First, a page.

Leaked military documents have confirmed that Indonesia’s elite special forces unit Kopassus routinely engages in “murder [and] abduction”. The documents also show Kopassus officially defines civilian dissidents as its “enemy” in its operations in West Papua. The documents, posted by journalist Allan Nairn at Allannairn.com on November 9, identify Indonesia’s primary enemies in West Papua as unarmed civilians involved in the independence movement.
Carly Dawson is a volunteer with Peace Brigades International (PBI), a non-government organisation that “protects human rights and promotes nonviolent transformation of conflicts”. The organisation was formed during the 1980s and its first mission was to help counter the war in Nicaragua that was waged by US-backed Contras against the left-wing Sandinista government Dawson recently returned to Australia after 12 months volunteer work with PBI in Colombia. She spoke to Green Left Weekly’s Aaron Roden. * * *
“The National Front of Popular Resistance (FNRP) expresses its energetic condemnation of the massacre against the campesino community in El Tumbador, Trujillo, in which our companeros Ignacio Reyes, Teodoro Acosta, Siriaco Munozm Raul Castillo and Jose Luis Sauceda were assassinated”, the FNRP said in a November 16 statement. All of those killed were members of the Campesino Movement of Aguan (MCA). The campesino activists were killed by assassins hired by pro-US oligarch Miguel Facusse, who helped fund the coup that overthrew president Manuel Zelaya last year.
When the United Nations Millennium Development Goals Summit took place in September, leaders from rich countries, as well as aid and research organisatons, met with Third World nations and “recommitted” to eight anti-poverty goals. The goals were set in the Millennium Declaration in 2000, to be met by 2015. “Donor” countries pledged financial and technical aid to halve extreme poverty and reduce hunger, disease and illiteracy across the global South.
Men in uniform, mainly young soldiers holding AK 47 rifles, are seen all around northern Sri Lanka, from Mannar in north-west to Mullaitivu, the last battlefield in the north-east. In Mullaitivu, there are said to be more soldiers than civilians. This is the situation in the largely Tamil north of the island one-and-a-half-years after the end of the Sri Lankan Army’s war against the Liberation Tigers of Tamil Eelam (LTTE). Tens of thousands of Tamil civilians were killed by the SLA in the last months of the conflict.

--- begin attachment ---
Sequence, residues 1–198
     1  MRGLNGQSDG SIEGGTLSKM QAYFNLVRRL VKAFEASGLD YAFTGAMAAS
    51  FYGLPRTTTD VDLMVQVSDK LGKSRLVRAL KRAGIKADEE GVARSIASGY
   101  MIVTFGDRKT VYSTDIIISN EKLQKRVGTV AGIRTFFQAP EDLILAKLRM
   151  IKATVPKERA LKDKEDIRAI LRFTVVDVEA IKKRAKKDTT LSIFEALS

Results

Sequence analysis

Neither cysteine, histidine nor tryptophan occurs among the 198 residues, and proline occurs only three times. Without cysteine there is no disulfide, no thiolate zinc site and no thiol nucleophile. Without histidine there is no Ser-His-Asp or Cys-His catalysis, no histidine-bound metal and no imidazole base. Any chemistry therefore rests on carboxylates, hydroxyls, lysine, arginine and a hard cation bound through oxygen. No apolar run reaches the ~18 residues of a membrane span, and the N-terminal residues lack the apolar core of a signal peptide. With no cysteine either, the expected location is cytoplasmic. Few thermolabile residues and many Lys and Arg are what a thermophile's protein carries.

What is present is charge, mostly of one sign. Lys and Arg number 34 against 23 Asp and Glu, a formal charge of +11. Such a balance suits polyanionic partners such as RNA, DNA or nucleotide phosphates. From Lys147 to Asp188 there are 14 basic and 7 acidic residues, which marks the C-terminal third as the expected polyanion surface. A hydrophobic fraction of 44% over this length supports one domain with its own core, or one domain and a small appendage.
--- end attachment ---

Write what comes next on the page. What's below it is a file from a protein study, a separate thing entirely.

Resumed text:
World renowned novelist and global justice activist Arundhati Roy is facing escalating threats of violence in India because of her support for justice in Kashmir — the disputed region partitioned between India and Pakistan and occupied by military forces in the area India controls. Roy faced sedition charges for comments she made about Kashmir at a public meeting in October. The government has since indicated it would not pursue the charge.
The National Popular Resistance Front of Honduras (FNRP) received the annual International Herbert Anaya Human Rights Prize in El Salvador, awarded by human rights organisations. The FNRP struggles against the US-backed Honduran dictatorship that came to power in a military coup last year. Gloria Anaya, the oldest daughter of the slain human rights activist for whom the award is named, told Prensa Latina the award ceremony took place during the closing of the Seventh International Congress on Human Rights at the University of El Salvador.
It seems no one bothers about “them” in Sri Lanka. No lawyer or rights groups in the country dare to talk of “their” basic rights. Do they deserve to be abandoned or “disappeared”? Alleged former members of the Liberation Tigers of Tamil Eelam (LTTE — popularly known as the Tamil Tigers), an armed group that fought for an independent state for the Tamil ethnic minority, have become indefinite “prisoners of war” ever since the LTTE was militarily defeated by the Sri Lankan state in May 2009.
Videos showing the torture of West Papuans by occupying Indonesian soldiers have embarrassed the Indonesian government ahead of a scheduled visit in November by US President Barack Obama. Obama is due to discuss a security deal that would involve the US training Indonesian military units accused of human rights violations. A video posted at FreeWestPapua.wordpress.com shows two Papuans from Gurage village being tied down and interrogated by Indonesian soldiers about the alleged location of weapons belonging to the Free Papua Movement (OPM).
“Nothing! Nothing! We’ve seen nothing!”, chanted a crowd of internally displaced people (IDP) on October 6. They were pursuing former US president Bill Clinton from his photo-op in their squalid camp on his way to the third Interim Haiti Reconstruction Commission (IHRC) meeting in downtown Port-au-Prince. The crowd protesting against Clinton was from an IDP camp on the golf-course of the former Petionville Club, a bourgeois enclave created by US Marines when they first occupied Haiti from 1915 to 1934.